Our parents didn’t have these distractions. They got a job (“not a career, a job — there’s a difference” according to Chris Rock). They got married. They had kids before they turned 25. (Are you kidding me? I was on my third or fourth backpacking trip by 25, beenou, and with no offspring in sight.) They accepted responsibility. My generation, the Millennial Generation, as we’re often called, is allergic to responsibility.

We consume everything. We’ll do anything short of tattooing a fricken barcode on the backs of our necks to not miss out on the exciting digital information and sensory experiences out there waiting for us. We stay up late, we eat out, we party, we spend all our money and max out our credit cards, we travel and we never, ever grow up.

We are useless. Comedian Louis C.K. nailed it with a bit he did on Conan O’Brien, saying (about how people take technology for granted): “We live in an amazing, amazing world and it’s wasted on the crappiest generation of spoiled idiots that don’t care.”

gap-year-03

"And now to find me an obnoxious Aussie guy."

We have no discipline. Haven’t we all heard that before? And kids are getting worse (imagine that). Talk to any public school teacher you know. The kids are monsters, they have ADHD and you can’t use the strap on them or fail them, so they don’t listen to teachers anymore.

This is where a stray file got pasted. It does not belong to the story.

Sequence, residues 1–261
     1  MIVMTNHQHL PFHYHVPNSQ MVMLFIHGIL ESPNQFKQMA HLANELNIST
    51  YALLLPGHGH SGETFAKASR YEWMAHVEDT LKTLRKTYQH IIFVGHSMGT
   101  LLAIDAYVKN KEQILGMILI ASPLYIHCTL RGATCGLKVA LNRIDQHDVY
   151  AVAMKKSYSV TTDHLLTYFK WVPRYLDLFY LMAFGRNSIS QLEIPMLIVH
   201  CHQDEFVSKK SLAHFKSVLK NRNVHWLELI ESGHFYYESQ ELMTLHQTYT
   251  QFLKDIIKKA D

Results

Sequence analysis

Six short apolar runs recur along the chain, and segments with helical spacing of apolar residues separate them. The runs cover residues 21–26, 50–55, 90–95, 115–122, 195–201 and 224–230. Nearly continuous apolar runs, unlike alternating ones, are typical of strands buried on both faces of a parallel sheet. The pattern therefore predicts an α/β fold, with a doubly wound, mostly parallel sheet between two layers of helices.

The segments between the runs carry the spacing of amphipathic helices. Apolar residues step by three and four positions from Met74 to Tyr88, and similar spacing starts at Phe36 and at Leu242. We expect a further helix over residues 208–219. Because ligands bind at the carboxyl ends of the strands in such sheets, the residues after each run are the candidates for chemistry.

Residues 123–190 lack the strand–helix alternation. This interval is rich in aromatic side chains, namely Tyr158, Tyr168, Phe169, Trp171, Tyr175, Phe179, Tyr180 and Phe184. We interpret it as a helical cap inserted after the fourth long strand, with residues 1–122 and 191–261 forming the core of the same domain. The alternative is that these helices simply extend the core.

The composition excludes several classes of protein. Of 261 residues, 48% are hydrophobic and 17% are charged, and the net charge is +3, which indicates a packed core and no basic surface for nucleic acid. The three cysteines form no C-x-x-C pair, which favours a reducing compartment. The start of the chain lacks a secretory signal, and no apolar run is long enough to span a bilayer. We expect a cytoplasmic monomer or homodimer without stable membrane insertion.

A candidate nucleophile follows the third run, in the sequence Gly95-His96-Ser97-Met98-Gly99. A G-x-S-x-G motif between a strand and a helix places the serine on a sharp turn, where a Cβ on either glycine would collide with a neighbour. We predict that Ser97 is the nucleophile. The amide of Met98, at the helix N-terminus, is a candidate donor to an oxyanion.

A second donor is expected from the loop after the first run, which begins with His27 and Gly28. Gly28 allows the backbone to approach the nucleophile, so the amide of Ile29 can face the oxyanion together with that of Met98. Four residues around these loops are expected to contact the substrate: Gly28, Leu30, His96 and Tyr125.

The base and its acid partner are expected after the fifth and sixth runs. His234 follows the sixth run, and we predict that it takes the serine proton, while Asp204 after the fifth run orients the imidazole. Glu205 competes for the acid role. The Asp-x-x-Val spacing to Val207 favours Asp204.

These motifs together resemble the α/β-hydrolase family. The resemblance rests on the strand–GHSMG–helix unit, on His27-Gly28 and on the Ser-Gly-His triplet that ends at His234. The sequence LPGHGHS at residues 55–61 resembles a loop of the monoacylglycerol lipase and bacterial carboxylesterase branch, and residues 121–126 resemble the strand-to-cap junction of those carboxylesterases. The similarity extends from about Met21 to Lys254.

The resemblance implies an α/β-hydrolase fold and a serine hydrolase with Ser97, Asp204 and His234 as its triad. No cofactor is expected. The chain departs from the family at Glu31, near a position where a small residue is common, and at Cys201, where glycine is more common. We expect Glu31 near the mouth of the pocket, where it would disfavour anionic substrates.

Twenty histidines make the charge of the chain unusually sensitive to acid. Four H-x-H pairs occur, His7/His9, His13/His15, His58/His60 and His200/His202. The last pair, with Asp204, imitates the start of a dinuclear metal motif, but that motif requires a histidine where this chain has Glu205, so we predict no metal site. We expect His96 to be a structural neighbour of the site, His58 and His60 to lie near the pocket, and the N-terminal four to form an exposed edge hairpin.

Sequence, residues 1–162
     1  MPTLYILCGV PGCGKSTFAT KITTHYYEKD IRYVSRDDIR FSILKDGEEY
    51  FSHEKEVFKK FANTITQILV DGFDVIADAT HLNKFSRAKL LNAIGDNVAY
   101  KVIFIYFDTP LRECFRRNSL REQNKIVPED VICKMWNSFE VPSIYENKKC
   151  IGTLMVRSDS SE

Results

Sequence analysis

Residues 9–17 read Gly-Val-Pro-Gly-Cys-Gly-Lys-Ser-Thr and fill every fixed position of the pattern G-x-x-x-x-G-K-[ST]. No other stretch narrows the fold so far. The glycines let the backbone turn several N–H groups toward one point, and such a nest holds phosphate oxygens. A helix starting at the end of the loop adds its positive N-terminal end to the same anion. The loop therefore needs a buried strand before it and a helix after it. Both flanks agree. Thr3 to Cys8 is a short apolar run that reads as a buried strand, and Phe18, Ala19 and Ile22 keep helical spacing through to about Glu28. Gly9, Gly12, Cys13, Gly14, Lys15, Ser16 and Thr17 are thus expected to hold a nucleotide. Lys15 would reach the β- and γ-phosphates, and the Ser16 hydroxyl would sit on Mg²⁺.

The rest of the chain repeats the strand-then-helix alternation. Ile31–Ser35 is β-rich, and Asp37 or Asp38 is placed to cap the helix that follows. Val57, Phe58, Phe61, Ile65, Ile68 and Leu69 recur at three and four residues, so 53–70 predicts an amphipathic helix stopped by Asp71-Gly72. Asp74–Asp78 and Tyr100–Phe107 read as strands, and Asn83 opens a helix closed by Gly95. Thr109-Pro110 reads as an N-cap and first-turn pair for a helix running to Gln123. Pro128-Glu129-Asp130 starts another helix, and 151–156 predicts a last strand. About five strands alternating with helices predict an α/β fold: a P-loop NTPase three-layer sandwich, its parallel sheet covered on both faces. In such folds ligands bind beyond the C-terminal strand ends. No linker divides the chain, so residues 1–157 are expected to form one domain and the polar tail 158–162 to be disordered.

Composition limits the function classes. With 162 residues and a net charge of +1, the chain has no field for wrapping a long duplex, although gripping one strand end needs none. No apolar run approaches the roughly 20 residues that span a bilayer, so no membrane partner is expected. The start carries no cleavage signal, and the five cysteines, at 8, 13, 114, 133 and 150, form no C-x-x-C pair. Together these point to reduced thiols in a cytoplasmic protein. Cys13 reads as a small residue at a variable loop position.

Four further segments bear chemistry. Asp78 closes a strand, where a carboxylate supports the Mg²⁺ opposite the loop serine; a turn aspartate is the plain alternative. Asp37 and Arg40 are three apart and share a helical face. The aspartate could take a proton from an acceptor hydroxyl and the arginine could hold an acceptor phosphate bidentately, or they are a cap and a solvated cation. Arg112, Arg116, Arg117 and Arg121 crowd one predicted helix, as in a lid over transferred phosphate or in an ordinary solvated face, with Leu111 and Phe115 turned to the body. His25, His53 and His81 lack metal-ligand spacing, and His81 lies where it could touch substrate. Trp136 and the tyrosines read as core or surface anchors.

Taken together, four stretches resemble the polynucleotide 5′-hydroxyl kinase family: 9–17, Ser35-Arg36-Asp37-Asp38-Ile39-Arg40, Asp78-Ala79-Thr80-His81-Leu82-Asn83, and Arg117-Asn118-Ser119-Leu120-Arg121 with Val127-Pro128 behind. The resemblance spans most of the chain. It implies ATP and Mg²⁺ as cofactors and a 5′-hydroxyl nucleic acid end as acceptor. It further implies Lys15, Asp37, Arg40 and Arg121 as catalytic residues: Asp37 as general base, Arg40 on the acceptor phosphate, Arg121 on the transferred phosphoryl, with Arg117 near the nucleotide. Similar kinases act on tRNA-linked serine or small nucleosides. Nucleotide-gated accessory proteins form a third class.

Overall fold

Somebody wrote all this about kids in the ’60s, granted, but they didn’t have PVR, wikipedia, Wired magazine or YouTube back then. They weren’t watching Mad Men and sitting there astonished at the idea of smoking in an office building. They also didn’t have 1,733 airlines worldwide at their fingertips. (They didn’t have Google either. I just googled that airline stat.) And they certainly didn’t go backpacking around the world. (The Lonely Planet wasn’t founded until 1972.)

We live in a globalized society. We see stuff on TV, or we read Eat Pray Love (ick), or watch The Bourne Identity, whatever, anything nowadays, and we think, “Man, I gotta get outta here.” Anthony Bourdain eats something somewhere and you can’t stand the thought of that smug prick having one on you, so you vow to go there one day and eat that.